portare

AlexanderBB

Member
Italian
Hi to everyone,
I'm Alex, from Italy, and i'm trying to learn English. ('cause it's a beautiful and attractive language)
I've just begun 1 month ago, and in this time i've watched some movies and i've read two books.
Obviously i've got many trouble through this trip!

I've got a question: the italian verb "portare" have many translation in english, like Bring, bear, take... Could anyone help me to understand the differences between this verbs?

And i will be really happy if someone corret me what i've written above!

One thousand of thanks!
Alex
 
  • MonsieurAquilone

    Senior Member
    NZ - English
    It is quite hard for me to show the difference between each one as I will use the verbs you have mentioned in describing them!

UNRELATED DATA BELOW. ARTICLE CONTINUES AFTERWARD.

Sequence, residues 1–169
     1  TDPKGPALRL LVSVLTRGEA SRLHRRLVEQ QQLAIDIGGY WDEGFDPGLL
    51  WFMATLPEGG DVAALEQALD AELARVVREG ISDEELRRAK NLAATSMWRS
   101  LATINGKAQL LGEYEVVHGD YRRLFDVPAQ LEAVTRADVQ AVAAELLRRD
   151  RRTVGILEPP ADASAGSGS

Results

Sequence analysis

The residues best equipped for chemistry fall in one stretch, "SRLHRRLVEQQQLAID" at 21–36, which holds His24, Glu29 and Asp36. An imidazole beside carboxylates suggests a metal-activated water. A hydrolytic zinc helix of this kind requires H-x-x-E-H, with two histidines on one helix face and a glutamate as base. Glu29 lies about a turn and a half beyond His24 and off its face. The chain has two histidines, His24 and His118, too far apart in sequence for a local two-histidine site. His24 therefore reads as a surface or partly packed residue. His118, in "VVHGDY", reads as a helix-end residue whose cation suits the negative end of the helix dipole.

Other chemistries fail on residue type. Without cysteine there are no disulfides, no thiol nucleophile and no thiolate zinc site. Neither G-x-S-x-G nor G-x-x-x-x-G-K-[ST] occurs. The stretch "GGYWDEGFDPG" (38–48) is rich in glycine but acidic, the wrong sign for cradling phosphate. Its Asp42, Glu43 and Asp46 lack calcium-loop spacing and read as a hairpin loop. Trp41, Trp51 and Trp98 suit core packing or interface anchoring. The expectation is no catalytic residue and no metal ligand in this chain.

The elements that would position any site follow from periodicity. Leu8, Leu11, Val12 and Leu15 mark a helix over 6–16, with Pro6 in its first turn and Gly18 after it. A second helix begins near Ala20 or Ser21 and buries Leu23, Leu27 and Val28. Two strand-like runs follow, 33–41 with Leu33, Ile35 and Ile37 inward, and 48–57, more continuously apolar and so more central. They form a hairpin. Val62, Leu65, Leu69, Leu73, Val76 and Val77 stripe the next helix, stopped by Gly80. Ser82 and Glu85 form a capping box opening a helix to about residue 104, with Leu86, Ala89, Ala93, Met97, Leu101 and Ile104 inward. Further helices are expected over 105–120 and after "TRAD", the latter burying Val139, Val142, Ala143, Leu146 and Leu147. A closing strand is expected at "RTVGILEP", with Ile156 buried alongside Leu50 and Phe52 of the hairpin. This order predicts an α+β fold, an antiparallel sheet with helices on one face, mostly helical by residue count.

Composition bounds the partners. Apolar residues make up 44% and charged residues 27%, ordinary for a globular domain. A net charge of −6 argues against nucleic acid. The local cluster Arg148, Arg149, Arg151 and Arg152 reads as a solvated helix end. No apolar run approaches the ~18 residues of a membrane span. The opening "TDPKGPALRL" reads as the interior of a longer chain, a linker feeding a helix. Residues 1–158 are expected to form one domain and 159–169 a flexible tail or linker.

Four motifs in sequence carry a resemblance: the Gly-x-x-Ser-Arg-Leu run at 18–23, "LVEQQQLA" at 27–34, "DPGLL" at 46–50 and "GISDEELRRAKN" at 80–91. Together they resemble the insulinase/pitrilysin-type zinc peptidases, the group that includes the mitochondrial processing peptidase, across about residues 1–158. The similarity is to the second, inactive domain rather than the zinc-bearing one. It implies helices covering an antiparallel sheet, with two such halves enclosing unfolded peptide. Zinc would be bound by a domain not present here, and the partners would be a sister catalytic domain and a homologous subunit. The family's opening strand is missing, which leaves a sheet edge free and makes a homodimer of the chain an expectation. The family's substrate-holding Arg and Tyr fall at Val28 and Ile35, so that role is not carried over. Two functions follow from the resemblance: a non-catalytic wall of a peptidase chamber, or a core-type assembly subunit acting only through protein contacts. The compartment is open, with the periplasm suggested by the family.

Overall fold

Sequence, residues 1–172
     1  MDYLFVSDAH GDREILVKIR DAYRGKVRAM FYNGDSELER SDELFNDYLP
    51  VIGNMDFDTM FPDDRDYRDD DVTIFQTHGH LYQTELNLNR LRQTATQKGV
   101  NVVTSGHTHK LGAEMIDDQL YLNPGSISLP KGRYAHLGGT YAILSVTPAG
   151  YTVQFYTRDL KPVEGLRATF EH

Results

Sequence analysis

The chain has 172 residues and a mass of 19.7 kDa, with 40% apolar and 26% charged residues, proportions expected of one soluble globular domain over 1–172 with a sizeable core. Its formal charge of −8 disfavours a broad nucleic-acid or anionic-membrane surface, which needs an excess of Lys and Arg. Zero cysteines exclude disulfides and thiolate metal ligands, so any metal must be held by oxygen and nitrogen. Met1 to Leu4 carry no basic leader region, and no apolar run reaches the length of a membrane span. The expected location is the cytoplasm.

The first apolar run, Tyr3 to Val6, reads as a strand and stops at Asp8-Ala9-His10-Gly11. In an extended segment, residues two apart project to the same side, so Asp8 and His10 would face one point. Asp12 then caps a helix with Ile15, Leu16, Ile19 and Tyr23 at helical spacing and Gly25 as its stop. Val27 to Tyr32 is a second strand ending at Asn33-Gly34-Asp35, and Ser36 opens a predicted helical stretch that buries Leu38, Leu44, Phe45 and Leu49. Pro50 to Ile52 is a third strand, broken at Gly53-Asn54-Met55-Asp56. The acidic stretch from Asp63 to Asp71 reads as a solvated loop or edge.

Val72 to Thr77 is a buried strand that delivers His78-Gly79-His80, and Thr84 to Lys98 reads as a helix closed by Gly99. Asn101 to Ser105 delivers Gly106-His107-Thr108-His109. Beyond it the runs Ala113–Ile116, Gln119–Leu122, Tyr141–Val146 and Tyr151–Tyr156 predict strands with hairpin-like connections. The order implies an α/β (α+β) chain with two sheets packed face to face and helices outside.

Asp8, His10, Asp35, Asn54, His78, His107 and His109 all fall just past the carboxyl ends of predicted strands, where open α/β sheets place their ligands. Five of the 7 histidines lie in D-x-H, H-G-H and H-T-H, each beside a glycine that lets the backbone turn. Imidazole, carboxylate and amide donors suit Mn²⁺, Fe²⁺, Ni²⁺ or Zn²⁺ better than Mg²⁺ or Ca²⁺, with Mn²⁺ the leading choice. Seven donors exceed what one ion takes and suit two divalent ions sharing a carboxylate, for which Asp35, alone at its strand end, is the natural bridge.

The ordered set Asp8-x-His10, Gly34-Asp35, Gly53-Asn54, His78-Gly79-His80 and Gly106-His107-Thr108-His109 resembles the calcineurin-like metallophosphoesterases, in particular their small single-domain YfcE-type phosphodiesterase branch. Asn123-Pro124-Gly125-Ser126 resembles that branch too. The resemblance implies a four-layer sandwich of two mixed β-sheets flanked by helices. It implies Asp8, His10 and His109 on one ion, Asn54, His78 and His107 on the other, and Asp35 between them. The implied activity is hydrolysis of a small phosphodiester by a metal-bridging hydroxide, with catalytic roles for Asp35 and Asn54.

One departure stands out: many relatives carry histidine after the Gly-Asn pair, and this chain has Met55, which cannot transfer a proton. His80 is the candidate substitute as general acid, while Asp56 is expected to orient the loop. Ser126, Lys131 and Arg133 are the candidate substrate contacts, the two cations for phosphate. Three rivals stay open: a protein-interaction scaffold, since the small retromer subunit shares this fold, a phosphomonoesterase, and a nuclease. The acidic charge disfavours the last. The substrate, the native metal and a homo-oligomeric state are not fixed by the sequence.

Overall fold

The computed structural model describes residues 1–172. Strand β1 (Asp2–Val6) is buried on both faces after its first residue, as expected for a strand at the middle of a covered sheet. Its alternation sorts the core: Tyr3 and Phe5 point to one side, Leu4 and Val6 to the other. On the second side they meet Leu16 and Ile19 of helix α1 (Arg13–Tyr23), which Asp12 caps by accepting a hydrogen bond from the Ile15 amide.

In sentences:

    I will bring the sandwiches to the picnic.
    The tree will bear a lot of fruit.
    He will take the rug to/for the picnic.
     

    AlexanderBB

    Member
    Italian
    Thanks for help!

    There is specific use for these verbs...
    I mean: what is the correct verb for:
    PORTARE something to someone
    PORTARE something to another place
    PORTARE a feelings (like love, hate...) vs someone

    Is what i wrote in this post and in the post above correct?
    I've got the doubt that what i've written is awful!!!

    thanks a lot
     

    MonsieurAquilone

    Senior Member
    NZ - English
    AlexanderBB said:
    Hi to everyone,
    I'm Alex, from Italy, and i'm trying to learn English. ('cause it's a beautiful and attractive language)
    I've just begun 1 month ago, and in this time i've watched some movies and i've read two books.
    Obviously i've (made mistakes?) while I have been learning!

    I've got a question: the italian verb "portare" has many translations in english, like Bring, bear, take... Could anyone help me to understand the differences between these verbs?

    And i will be really happy if someone could correct me with what i've written above!